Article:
Late Breaking News
Detecting Rheumatoid Arthritis Early Is Critical to Ensure Quality of Life
- Categorized in: March 2010
WASHINGTON, DC—Detecting rheumatoid arthritis early is critical in order to ensure that the quality of life of a patient does not decline.
“If patients are suspected of having the early clinical phase of RA, they can be treated early. With early treatment, hopefully, they will achieve a clinical remission and down the road, have an excellent quality of life,” said Army Col Leslie Jackson, MD, the consultant to the army surgeon general on RA and chief of Rheumatology Service at Madigan Army Medical Center.
RA is a form of arthritis that causes pain, swelling, stiffness, and the loss of function in the joints. It can affect any joint, but is common in the wrist and fingers, according to the NIH. The disease often begins with morning stiffness and muscle aches. Early treatment is important to delay joint destruction, since there is no cure for the disease.
Having RA is a disqualifier for joining the Army, but it is possible for some servicemembers who are already on active duty when they develop RA to continue to serve, Jackson explained. At issue is where servicemembers who develop RA can serve because they need to be located somewhere geographically to allow for appropriate care and monitoring of their medications.
Since servicemembers on these medications do not meet retention standards, they must undergo a formal board proceeding to determine if they can still remain on active duty with this geographical limitation. “Some folks are found fit for duty and they can remain on active duty, but some folks are not because of functional disability from the disease and they can’t participate physically to the full extent that is required,” she said.
Women and RA
According to the CDC, an estimated 1.3 million adults aged 18 and older had RA in 2005, down from the previous 1990 estimate of 2.1 million. While a range of environmental and genetic variables have been evaluated as potential risk factors for RA, no definitive risk factors for RA have been identified, according to the CDC. Of the environmental factors examined, the most consistent evidence exists for an association between tobacco use and RA, the CDC stated. Research has indicated that the risk of developing RA is nearly double for current smokers compared with those who do not smoke.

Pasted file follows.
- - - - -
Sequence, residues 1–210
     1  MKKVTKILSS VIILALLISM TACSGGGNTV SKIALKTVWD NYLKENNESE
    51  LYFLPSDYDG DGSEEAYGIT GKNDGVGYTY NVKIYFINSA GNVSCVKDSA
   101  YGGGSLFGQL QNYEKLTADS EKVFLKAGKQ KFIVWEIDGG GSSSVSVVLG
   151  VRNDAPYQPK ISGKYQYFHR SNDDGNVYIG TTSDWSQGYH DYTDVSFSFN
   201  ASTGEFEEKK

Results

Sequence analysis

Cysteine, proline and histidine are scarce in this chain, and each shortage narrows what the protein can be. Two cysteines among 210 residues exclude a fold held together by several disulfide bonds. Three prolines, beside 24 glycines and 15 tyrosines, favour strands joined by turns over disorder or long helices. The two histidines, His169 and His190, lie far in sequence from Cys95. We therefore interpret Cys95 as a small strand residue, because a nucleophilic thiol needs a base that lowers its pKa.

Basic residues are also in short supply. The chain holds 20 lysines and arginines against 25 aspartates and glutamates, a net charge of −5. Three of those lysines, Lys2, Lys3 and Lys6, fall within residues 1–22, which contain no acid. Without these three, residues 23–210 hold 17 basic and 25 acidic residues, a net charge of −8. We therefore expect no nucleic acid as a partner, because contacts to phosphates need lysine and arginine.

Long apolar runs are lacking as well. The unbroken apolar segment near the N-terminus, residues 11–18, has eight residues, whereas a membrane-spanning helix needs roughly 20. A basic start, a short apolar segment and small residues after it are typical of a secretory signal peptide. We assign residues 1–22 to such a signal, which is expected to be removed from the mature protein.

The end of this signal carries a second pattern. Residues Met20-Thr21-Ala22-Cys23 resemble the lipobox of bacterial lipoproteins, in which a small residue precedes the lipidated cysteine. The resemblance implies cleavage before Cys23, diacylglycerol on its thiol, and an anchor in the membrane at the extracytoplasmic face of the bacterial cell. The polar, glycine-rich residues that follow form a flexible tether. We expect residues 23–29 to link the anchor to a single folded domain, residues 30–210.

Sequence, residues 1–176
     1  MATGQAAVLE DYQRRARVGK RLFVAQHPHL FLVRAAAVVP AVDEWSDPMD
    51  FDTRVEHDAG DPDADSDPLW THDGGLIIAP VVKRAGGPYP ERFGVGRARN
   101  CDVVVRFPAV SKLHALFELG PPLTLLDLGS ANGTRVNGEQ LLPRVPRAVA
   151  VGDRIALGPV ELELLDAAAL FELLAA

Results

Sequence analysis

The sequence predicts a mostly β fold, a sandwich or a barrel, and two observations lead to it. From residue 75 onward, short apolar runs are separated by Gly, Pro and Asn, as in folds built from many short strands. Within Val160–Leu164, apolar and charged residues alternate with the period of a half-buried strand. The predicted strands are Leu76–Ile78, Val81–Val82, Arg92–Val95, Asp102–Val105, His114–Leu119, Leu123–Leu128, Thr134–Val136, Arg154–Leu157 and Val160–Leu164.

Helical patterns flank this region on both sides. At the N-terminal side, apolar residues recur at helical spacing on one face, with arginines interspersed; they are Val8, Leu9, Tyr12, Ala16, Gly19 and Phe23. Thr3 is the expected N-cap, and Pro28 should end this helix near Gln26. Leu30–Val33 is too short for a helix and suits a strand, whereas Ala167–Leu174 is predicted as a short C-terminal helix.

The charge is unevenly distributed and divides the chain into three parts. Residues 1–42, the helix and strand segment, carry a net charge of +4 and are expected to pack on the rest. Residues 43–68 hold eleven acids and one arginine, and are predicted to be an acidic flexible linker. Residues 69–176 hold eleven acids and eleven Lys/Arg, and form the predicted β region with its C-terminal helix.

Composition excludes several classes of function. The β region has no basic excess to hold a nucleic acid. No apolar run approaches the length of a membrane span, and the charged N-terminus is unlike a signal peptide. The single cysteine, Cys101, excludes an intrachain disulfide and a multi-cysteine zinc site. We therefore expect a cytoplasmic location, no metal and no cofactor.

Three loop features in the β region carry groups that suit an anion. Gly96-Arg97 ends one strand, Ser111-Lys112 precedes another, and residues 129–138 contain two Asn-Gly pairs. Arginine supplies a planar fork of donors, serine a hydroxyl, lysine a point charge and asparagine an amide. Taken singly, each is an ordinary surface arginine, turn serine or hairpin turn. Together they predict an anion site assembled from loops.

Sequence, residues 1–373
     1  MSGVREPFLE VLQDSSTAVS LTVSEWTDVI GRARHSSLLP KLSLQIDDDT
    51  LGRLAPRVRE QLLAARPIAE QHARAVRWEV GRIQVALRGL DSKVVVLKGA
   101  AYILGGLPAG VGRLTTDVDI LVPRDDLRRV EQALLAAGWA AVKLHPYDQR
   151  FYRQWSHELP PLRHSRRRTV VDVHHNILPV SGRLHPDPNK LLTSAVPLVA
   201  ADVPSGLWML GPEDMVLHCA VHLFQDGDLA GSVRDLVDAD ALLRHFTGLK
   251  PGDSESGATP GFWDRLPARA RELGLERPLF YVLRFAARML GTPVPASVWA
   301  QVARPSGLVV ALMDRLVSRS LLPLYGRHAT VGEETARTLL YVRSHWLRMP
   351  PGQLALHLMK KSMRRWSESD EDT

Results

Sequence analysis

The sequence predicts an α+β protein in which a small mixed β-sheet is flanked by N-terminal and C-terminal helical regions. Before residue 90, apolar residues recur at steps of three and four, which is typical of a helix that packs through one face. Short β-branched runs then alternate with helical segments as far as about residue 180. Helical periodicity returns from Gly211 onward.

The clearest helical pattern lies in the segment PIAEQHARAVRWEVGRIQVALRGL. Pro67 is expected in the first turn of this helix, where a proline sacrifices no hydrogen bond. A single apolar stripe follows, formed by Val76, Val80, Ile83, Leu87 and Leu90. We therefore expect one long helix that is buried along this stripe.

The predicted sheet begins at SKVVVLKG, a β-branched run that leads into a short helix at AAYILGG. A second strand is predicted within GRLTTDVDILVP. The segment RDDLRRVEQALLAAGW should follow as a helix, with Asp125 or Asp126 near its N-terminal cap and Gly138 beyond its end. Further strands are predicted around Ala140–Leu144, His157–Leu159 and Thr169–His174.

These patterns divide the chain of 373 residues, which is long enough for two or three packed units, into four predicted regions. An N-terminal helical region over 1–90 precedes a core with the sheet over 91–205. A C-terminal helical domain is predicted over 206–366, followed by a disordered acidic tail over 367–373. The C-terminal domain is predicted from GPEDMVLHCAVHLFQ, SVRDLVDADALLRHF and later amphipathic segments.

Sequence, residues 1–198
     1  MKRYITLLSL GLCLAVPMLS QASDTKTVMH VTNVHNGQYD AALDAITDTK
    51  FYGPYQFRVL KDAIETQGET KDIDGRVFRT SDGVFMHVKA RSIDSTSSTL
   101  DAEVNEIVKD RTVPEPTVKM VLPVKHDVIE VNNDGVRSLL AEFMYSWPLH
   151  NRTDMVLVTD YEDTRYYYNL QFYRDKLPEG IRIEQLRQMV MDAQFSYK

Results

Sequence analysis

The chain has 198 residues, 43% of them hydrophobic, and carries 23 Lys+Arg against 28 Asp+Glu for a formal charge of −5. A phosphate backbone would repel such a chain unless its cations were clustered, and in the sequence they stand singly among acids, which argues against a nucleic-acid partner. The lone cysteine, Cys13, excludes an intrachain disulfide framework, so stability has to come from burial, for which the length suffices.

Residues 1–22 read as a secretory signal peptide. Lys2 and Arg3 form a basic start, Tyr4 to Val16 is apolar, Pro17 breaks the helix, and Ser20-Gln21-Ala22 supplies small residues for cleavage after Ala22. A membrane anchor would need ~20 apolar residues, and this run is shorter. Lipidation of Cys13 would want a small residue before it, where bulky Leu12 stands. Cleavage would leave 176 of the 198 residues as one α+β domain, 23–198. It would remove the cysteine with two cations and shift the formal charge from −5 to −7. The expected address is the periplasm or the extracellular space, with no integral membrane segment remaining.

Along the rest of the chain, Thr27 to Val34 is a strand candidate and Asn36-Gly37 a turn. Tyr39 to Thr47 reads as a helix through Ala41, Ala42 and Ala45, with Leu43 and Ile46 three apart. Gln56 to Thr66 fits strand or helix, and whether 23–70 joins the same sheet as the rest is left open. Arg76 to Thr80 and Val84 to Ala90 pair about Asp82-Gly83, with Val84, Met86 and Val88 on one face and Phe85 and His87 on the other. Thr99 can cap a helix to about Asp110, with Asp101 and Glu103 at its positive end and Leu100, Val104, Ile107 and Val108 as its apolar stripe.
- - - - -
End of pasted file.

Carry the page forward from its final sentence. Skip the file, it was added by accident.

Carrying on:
Women tend to be affected by the disease more than men. The incidence of RA is typically two to three times higher in women than men, according to the CDC.
The peak age of onset of RA is the late 40s and early 50s. For many women, this is also when they are experiencing perimenopause. Jackson said that it is uncertain what role hormones play in the onset of RA. It is possible that other potential RA factors in the setting of hormonal changes may allow for the expression of RA, she said.
Women in menopause are at an increased risk for developing osteoporosis. A concern for a perimenopausal woman with RA is that they are often treated with corticosteroid medications to help control inflammation. Corticosteroids are associated with bone loss, which is particularly problematic for women who may already be at risk for osteoporosis. “That is a consideration when women are diagnosed at that time. We really are cognizant that we need to make sure they have a baseline bone marrow density test. [In addition,] that they are on calcium and vitamin D, that they are remaining as physically active as possible to help strengthen their bones, and are modifying any other risk factors such as smoking and the use of alcohol,” said Jackson.
She further added that young women are also struck by the disease. Patients who are pregnant with RAare typically followed closely by an OB/GYN and a rheumatologist. Jackson, however, pointed out that during pregnancy RA symptoms can improve. A 2008 Netherlands study from the Erasmus Medical Center, University Medical Center Rotterdam, found that disease activity decreased with statistical significance during pregnancy and increased postpartum.
Because RA can affect physical function, it can be very life altering. “People may have to alter their life style significantly and they may be taking medications that they are not used to,” she said. Still, Jackson also noted that many patients with RA live full lives, especially with the medications that are currently available. “We really can push people into a clinical remission or get their disease activity scores down much better than we were able to with our traditional disease modifying agents in the ’80s and early ’90s,” she said.
Educating patients on the condition is also key in helping them, she noted. “Importantly, as a rheumatologist, I think that education with our patients is critical. Not just paying attention to medications to treat the disease, but getting patients to occupational therapy and physical therapy. If they are having any issues with depression surrounding their diagnosis, getting them into behavioral health is very useful.”